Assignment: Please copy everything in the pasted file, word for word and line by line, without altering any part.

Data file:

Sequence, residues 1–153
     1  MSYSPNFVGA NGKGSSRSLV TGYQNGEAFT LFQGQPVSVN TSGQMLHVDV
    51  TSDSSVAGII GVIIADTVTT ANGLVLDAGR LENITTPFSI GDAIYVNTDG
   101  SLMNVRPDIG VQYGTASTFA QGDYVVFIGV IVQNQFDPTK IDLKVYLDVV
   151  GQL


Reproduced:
Sequence, residues 1–153
     1  MSYSPNFVGA NGKGSSRSLV TGYQNGEAFT LFQGQPVSVN TSGQMLHVDV
    51  TSDSSVAGII GVIIADTVTT ANGLVLDAGR LENITTPFSI GDAIYVNTDG
   101  SLMNVRPDIG VQYGTASTFA QGDYVVFIGV IVQNQFDPTK IDLKVYLDVV
   151  GQL